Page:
Cynthia Nelson, a resident of Barbados and a Guyanese food lover recounts in her column, 'Tastes Like Home' her mother telling her of Hindus in the Caribbean who fed the groom khitchdi when he first came to the bride's home.

Khitchdi could certainly qualify as a national dish- a dish born in India with ingredients native to the subcontinent- rice, moong and ghee, a one pot mash of boiled ingredients that was eaten for centuries by the common man within India and without and by Indians who moved abroad. Served with ghee or oil, sugar or dried fruits, pickles, fish- it was a meal that nourished hungry bellies.

My second edition 1903 Hobson Jobson alludes to a single pot of 'khichri' that was atleast 880 kgs, larger than the Khitchdi -(800 kg), which has just been cooked to beat a Guiness world record in 2017.

Hobson Jobson is a remarkable compendium of Anglo-Indian terms first published in 1896 that covers millions of words from India's British Raj, some no longer in use and some so differently spelled today, you'd never guess what they meant.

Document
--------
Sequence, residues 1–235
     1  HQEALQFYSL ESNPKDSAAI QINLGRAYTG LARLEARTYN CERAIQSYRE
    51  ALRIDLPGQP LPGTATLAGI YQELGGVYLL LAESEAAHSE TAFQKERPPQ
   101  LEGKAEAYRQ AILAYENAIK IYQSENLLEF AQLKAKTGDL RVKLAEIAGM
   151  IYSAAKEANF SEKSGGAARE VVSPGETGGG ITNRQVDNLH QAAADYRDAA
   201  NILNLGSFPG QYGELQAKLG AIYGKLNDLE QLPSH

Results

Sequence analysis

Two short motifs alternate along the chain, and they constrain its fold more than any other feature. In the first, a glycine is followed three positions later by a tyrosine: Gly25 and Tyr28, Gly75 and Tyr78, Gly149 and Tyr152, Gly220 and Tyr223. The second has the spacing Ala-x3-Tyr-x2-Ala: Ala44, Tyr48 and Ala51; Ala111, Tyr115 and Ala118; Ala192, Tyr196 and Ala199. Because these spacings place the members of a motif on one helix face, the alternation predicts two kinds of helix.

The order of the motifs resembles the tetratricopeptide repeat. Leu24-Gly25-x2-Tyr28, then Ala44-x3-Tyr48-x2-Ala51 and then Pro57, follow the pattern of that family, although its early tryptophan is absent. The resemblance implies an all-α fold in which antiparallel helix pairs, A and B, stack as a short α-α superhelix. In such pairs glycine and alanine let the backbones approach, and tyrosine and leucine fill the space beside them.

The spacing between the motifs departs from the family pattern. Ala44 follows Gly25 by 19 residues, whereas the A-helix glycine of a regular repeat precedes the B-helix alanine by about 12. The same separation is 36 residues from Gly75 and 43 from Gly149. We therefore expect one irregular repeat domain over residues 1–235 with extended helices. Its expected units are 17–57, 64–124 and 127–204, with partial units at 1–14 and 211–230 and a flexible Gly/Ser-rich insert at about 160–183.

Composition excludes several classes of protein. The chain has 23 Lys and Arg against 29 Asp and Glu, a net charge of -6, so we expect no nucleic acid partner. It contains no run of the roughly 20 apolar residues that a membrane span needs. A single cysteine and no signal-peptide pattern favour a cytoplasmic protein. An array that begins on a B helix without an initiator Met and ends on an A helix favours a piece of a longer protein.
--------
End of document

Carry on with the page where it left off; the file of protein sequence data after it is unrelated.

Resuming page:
A reference to the Nawab of Tonk (Rajasthan) in an 1880 report by an Indian Mirror correspondent describes him as having donated 3000 rupees for the supply of 2 colossal pots of 'khichri' made with rice, dry fruits and sugar for a religious festival in Ajmer. One pot contained roughly 80 maunds and the other 40 maunds (a varying post Akbar era measure used in the sub-continent) 1 government maund =37 kg however it could be as little as 11 kg also. So that would mean the bigger pot contained atleast 880 kgs of rice and combined these 2 'tremendous' pots contained at minimum over a 1000 kgs of rice. The cooking of these were observed by the Nizam, Ajmer's commissioner and various civil servants- leading me to wonder if maund here was the government standard of 37 kg per maund.